An analysis of Kujira Tropical Storm by NASA using Infrared Light

To determine just how strong the Kujira Tropical Storm is, NASA decided to analyze the cloud top temperatures. It chose to use infrared light in this case. According to the imagery, there were two strong spots. They are the storm’s center and a thunderstorms’ band on the west side of the Kujira Tropical storm.

In the beginning, the storm was just but a low-pressure area. However, by 5 p.m. EDT of September 26, an increase in consolidation and strength saw it change into a tropical depression. Then, the depression has strengthened into a tropical storm by 11 a.m. EDT of September 27. That’s also when the tropical storm got the name Kujira.

NASA chose the infrared light to identify the temperature of the storm. Using the infrared data, it was able to relay the cloud top temperatures. They are a significant determinant of the strength of any particular storm. The colder the cloud top temperatures, the stronger the storm. Equally important, strong storms tend to extend into the troposphere more than their weak counterparts.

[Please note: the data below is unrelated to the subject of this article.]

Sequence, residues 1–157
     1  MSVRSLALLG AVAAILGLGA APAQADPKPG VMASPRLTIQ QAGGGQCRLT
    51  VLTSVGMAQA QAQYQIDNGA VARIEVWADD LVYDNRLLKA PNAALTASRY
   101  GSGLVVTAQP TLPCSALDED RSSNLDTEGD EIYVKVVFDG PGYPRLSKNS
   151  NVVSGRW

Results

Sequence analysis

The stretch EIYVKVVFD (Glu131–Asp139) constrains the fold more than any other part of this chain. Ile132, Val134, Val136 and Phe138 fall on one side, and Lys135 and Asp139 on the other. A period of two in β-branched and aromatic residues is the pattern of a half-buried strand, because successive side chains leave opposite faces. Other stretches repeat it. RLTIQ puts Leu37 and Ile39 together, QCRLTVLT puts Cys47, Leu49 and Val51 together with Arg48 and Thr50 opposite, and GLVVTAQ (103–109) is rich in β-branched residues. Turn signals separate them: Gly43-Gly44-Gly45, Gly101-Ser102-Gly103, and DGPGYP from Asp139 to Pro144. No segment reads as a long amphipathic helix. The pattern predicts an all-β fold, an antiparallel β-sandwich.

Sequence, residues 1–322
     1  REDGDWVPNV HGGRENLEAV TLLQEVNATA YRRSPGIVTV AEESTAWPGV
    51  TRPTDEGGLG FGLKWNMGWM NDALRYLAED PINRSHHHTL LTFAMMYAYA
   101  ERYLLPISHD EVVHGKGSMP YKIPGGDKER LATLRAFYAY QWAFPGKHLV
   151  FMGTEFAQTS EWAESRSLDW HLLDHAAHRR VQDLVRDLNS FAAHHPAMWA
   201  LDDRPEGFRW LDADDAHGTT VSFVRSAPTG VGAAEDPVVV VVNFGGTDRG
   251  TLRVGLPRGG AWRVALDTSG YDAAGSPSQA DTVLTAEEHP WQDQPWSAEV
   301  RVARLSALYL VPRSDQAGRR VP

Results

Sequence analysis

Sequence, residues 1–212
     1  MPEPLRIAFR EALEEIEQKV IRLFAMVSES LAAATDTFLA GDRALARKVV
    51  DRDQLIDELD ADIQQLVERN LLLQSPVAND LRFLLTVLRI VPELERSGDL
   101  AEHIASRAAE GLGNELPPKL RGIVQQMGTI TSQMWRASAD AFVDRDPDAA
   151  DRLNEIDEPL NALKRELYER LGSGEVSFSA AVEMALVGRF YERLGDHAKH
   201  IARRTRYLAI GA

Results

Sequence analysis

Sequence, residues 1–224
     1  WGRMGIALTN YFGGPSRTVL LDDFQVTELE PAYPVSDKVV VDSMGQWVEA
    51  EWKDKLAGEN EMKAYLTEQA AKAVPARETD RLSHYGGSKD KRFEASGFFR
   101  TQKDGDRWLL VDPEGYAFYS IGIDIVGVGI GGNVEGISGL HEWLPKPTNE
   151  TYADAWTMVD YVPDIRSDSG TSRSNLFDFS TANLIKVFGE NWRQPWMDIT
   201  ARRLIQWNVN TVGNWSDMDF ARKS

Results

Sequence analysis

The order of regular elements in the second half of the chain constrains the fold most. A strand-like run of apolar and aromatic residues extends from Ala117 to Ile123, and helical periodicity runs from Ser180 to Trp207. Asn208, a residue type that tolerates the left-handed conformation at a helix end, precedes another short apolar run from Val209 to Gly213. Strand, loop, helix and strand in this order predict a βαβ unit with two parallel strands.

Thanks to the data, NASA identified the strength of the storm and the strongest points. Its Aqua satellite used the MODIS (Moderate Resolution Imaging Spectroradiometer) equipment. The temperatures recorded for the strong spots were between -80 and -70 degrees Fahrenheit, equivalent to -62.22 degrees Celsius to -56.6 degrees Celsius. According to the experts, the low temperatures indicated not only intense storms but also a possibility of heavy rain.

As of 11 a.m. EDT of September 28, the Tropical Storm Kujira’s center was at a latitude and longitude of 29.7 degrees N and 153.3 degrees E, respectively. Therefore, the distance between the storm and Minami Tori Shima is approximately 286 nautical miles. The isolated Japanese coral atoll is around 1148 miles equivalent to 1848 kilometers from the southeastern side of Tokyo, Japan.

The storms’ winds are at a speed of 45 knots, which is 52 m per hour or 83 km per hour. High gusts also characterize this Kujira storm. It is moving toward the north, and its course is the open waters of the Pacific Ocean, precisely the north-western side.

According to the forecast, the intensity will increase because it will interact with the elongated area of high pressure known as the subtropical ridge. The power will also increase further upon coming into contact with the mid-latitude westerlies’ winds. That could see it commence its extratropical transition. On the other hand, its encounter with the increased vertical wind may make the tropical storm weaken and tear apart.